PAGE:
One of largest Japanese trading companies has officially announced the start of a proof-of-concept (PoC) aimed to develop a blockchain traceability system, according to a press release published on Feb. 1.
Itochu Corporation, a general trading company and one of the five largest companies in Japan, is developing a blockchain traceability system that will allow buyers and sellers to record the date, time, location and other transaction details on blockchain through a smartphone app.
The PoC will use the Indonesian-based firm Pt. Aneka Bumi Pratama’s natural rubber supply chain, a company that processes and produces crumb rubber and is fully owned by Itochu Corporation.
Visualization of the blockchain-based rubber supply chain. Source: Itochu press release
The press release underlines that the start of new PoC is contributing “to the achievement of the 17 Sustainable Development Goals listed in ‘The 2030 Agenda for Sustainable Development’ adopted by the United Nations.” It also adds:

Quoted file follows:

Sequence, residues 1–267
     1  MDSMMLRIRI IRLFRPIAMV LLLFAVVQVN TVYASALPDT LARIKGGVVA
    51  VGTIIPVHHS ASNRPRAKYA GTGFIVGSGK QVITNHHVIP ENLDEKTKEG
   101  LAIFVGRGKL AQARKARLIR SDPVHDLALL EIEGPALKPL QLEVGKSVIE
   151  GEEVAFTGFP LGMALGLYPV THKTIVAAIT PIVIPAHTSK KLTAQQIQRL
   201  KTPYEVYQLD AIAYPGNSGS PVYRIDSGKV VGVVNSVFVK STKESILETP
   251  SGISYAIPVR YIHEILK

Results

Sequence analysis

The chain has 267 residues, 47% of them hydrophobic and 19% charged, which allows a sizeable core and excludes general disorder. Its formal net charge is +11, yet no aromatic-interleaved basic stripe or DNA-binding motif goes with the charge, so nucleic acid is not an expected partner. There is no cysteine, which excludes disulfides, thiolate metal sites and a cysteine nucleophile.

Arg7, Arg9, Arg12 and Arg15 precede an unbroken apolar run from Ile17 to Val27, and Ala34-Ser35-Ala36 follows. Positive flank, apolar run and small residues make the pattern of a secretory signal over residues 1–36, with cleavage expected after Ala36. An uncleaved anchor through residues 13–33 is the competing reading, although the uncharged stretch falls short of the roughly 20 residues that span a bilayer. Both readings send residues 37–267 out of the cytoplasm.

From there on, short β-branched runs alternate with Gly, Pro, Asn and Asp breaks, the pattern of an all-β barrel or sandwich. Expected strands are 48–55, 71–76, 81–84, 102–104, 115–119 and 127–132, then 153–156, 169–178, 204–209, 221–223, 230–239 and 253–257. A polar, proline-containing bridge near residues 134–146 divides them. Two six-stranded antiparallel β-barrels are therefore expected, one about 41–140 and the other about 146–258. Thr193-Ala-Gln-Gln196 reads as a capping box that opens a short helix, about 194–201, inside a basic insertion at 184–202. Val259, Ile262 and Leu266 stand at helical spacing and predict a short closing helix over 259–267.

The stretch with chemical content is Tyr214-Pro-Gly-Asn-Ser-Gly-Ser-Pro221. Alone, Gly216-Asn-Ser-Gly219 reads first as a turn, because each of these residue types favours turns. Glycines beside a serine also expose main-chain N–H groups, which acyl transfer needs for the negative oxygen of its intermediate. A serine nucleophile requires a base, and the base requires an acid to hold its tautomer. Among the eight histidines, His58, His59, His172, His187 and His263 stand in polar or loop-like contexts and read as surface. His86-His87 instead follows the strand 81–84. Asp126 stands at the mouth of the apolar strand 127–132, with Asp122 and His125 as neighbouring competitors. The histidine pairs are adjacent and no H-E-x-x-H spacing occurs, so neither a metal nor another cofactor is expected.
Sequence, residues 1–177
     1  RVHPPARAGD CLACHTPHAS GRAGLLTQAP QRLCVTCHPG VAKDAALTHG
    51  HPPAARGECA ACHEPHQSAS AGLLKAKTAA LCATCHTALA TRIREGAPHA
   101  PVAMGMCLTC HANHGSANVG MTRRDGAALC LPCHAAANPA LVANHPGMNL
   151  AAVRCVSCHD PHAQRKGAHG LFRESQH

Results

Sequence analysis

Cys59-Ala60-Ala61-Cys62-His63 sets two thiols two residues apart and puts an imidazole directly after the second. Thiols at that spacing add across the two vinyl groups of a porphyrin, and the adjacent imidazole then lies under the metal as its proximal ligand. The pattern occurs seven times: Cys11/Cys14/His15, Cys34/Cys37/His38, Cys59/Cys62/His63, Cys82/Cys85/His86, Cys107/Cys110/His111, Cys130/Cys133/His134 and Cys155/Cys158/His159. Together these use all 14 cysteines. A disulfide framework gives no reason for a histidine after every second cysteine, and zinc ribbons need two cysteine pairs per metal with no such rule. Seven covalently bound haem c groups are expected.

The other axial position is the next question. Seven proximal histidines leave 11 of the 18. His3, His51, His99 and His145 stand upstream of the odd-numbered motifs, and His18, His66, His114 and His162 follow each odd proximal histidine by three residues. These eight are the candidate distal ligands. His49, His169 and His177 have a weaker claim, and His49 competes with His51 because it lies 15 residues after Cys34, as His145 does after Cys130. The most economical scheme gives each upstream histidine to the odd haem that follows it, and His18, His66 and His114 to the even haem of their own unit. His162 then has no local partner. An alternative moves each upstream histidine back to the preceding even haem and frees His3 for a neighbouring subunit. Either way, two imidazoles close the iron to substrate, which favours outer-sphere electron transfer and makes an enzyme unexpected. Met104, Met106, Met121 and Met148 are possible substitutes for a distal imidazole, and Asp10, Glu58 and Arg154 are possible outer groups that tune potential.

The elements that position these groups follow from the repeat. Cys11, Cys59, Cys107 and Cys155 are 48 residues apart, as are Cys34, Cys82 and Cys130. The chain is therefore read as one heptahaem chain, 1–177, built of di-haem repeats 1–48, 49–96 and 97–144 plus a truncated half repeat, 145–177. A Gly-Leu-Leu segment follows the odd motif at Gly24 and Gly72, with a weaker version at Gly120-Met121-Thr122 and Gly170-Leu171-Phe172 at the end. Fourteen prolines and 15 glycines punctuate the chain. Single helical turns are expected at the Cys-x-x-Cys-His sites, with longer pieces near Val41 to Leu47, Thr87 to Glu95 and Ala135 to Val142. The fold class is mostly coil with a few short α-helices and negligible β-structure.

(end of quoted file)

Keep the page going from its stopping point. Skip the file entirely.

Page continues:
“The aim of developing a blockchain traceability system [is to ensure] stable procurement and supply of raw material for our investment companies and trading parties, improving the traceability of its distribution.”
The use of blockchain technology for tracing different materials is widely used. Last October, Rwanda, the world’s leading producer of a metal used in consumer electronics called tantalum, announced a partnership with a blockchain startup to trace the mining of the conflict metal, Cointelegraph wrote on Oct. 17.
Last November, the South Korean government also declared plans to use blockchain tech to provide consumers with information from the food supply chain by tracing beef.
Let’s block ads! (Why?)